The recent headline in Nation’s Restaurant News, “The breakfast daypart is reawakening,” credits chain operators with beefing up breakfast menus with comfort-food favorites, indulgent innovations and dishes that transcend dayparts. And no chain has done more to supercharge breakfast than Wendy’s, which chose 2020 to launch its fifth effort to build a breakfast business. The last time – in 2010 – the effort was derailed by sputtering sales, high food costs and aggressive menu discounts from McDonald’s. But, as the decade flipped, Wendy’s developed a blockbuster breakfast menu to guide it back into the morning fray. With a lineup that included a Breakfast Baconator; a Bacon, an Egg and Swiss Croissant; and the Honey Butter Chicken Biscuit, Wendy’s figured it would stay the course even after the world changed. The chain’s dedication paid off. In the third quarter of 2020, Wendy’s posted its highest global same-store sales performance in more than 15 years, with breakfast fueling the uptick. Wendy’s reported the category contributed roughly 6.5 percent to its U.S. same-store sales in the period. Carl Loredo, Wendy’s chief marketing officer, admitted to QSR magazine that COVID was a strange time for Wendy’s, “a breakfast nobody” to become a “breakfast somebody.” “We came into the morning daypart as an underdog,” Loredo told the magazine. Technomic reports Wendy’s has now become the nation’s fifth largest QSR chain overall.

With a rejuvenated Wendy’s and a hope of revitalization in the QSR space, morning visits to chain restaurants – those occurring between 6 a.m. and 11 a.m. – have jumped about 20 percent since February, according to Earnest research data. A closer look shows McDonald’s breakfast traffic increasing 3 points from early 2020 and Dunkin’ ahead of January 2020 by 2 points. Wendy’s and Burger King each increased by 1 point. Of the major chains, the outlier appears to be Starbucks, whose breakfast traffic is down 6 points from the beginning of 2020. That is clearly one reason the research company The Allegra Group is predicting it will take U.S. coffee chains two years to fully recover from the $11.5 billion sales plunge brought on by COVID-19. Allegra says pre-pandemic sales will return in 2023.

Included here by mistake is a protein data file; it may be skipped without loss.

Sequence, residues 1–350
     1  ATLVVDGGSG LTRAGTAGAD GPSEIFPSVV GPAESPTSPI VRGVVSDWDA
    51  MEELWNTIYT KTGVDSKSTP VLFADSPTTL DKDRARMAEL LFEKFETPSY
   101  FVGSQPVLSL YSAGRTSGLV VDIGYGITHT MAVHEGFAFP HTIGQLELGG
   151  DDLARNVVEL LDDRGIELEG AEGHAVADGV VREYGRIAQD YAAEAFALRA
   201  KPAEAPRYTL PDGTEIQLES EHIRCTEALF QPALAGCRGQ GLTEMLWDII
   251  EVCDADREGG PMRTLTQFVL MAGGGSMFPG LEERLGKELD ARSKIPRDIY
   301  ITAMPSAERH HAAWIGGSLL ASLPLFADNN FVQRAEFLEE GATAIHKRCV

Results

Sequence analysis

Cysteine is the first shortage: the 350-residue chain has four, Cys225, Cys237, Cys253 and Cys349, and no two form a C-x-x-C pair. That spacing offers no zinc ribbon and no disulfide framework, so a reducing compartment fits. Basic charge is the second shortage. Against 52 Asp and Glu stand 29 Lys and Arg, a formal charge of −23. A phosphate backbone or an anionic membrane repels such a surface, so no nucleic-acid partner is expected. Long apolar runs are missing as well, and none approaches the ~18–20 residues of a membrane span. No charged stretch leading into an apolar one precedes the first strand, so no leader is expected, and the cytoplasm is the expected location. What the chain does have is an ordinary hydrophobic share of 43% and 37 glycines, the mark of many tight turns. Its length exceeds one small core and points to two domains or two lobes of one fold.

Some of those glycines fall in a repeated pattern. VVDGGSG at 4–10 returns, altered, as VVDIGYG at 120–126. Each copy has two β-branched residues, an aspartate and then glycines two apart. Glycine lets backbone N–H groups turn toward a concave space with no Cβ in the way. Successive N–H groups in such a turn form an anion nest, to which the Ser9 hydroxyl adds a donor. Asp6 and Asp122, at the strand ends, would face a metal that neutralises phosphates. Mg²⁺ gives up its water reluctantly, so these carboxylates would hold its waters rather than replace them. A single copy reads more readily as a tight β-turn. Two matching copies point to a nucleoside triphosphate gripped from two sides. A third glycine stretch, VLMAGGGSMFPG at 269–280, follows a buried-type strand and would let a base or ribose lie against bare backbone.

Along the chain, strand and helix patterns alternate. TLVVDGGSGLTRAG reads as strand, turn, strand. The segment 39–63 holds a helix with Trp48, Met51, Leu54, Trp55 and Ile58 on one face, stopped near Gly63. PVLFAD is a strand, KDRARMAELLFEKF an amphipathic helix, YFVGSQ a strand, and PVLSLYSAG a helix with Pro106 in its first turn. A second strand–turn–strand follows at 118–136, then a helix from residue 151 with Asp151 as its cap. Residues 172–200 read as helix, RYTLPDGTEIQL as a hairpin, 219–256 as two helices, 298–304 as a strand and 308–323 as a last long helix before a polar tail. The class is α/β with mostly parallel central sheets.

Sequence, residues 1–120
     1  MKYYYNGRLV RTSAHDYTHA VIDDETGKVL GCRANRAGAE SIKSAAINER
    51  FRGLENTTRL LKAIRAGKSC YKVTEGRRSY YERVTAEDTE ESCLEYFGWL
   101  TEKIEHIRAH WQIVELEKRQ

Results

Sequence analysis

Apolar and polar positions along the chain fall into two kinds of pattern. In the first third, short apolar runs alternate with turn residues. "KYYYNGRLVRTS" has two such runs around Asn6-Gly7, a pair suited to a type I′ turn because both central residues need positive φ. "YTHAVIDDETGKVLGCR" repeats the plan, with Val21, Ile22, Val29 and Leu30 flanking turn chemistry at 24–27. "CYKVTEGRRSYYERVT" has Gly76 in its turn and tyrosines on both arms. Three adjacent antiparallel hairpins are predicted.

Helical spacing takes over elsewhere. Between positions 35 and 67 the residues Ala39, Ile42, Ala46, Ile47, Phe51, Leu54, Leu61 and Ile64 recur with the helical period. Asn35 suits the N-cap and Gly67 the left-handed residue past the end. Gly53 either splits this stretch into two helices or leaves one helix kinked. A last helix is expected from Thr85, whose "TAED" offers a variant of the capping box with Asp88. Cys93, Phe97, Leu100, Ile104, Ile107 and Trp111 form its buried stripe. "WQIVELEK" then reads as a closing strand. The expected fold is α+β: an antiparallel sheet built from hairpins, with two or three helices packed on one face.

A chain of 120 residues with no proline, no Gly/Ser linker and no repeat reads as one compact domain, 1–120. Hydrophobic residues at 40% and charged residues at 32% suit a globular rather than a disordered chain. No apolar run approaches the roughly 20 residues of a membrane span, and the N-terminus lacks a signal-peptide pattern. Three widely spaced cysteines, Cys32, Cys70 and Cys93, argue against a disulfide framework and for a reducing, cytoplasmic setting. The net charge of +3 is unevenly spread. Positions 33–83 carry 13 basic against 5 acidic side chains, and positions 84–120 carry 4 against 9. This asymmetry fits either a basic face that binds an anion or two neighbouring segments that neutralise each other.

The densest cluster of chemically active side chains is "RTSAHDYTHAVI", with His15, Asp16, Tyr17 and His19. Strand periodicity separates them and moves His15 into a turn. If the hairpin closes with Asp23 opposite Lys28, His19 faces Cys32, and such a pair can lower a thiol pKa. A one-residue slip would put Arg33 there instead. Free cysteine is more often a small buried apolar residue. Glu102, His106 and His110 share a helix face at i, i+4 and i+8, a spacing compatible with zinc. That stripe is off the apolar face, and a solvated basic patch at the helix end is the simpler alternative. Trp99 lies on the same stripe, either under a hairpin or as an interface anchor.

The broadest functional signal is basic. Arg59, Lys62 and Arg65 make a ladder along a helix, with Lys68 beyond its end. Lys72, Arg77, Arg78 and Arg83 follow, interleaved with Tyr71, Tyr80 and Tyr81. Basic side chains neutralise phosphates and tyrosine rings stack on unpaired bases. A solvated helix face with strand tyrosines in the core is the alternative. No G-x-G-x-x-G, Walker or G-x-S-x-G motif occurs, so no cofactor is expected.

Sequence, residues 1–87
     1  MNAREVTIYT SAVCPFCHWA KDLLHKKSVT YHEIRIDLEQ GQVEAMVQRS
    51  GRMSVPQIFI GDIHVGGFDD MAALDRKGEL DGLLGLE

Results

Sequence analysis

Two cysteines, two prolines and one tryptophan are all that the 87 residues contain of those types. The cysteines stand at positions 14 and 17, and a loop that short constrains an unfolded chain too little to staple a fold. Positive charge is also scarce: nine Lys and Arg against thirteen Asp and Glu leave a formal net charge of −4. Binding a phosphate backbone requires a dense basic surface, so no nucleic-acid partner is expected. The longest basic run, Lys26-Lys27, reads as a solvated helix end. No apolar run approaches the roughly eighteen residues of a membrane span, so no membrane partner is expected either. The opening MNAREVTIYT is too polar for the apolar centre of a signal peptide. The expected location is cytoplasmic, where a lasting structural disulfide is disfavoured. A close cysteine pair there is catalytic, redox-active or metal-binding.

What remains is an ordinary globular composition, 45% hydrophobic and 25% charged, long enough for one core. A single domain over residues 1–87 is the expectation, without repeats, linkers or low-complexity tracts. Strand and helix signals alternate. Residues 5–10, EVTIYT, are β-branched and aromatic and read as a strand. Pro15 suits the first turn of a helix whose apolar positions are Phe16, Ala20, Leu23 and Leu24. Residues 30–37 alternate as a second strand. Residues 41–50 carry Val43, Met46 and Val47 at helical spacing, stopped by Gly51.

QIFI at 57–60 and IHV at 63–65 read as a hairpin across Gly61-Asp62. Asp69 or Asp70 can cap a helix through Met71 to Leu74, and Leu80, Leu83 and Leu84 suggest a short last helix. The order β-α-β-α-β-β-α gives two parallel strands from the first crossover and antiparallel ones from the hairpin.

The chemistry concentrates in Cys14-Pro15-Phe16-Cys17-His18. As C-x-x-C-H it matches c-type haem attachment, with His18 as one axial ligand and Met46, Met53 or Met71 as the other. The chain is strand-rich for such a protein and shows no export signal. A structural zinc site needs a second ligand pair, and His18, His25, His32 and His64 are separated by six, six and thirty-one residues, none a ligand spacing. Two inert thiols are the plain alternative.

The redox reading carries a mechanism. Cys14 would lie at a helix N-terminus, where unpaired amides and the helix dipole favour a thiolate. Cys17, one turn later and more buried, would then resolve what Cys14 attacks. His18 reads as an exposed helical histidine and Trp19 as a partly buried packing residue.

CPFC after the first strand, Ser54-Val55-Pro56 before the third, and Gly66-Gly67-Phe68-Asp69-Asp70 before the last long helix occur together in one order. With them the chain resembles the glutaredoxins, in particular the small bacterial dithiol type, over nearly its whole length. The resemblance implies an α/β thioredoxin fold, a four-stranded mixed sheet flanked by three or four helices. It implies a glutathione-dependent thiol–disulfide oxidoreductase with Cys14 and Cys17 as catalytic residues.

What is not clear is whether the post-pandemic consumer will opt for a nutritious breakfast option—or a dazzlingly appealing Breakfast Baconator. The e-commerce site reports a polarization of consumers’ breakfast appetites, with both nutritious choices and comfort foods increasing in popularity. Case in point: Dunkin’s Avocado Toast versus Burger King’s returning French Toast Sticks. One says trendy and possibly somewhat healthy, the other says convenient indulgent, comfort food. Each can appeal to bored consumers who are eager to experience something they can’t make at home. Technomic’s recent report, “Consumers are Ready for a Change,” highlights what is ahead for quick-service restaurants, among others.

Byrne says as consumers dining needs and experience shifted toward a new normal – more snacking during the
day and a later breakfast – those operators who innovated and provided creative discounts or food options found success. “Brands must differentiate to stay ahead,” he emphasizes, adding breakfast fare will continue to be conceived as portable, handheld food that can be eaten in the car, like it was before the pandemic.

What’s more, Industry watchers believe breakfast will remain a fiercely competitive daypart, where some might say, “It’s never too late to enter the game,” as evidenced by Wendy’s emergence.

According to DiPietro, with the South Carolina College of Hospitality, breakfast QSR will stay healthy with a pent-up demand that needs to be resolved. “We need our meals out. [People are saying,] ‘I’m tired of a bowl of cereal for breakfast, I need some good, protein filled, breakfast sandwiches,’” she says.

And to sweeten the thought, consider this comment from Bruno Mota CEO of Pembroke & Co., a B2B consulting firm in Boston: “I was even somewhat annoyed having to brew my coffee several times a day during the initial lockdown. It’s one of my few pleasures, getting a coffee out, and it is the same with most people.”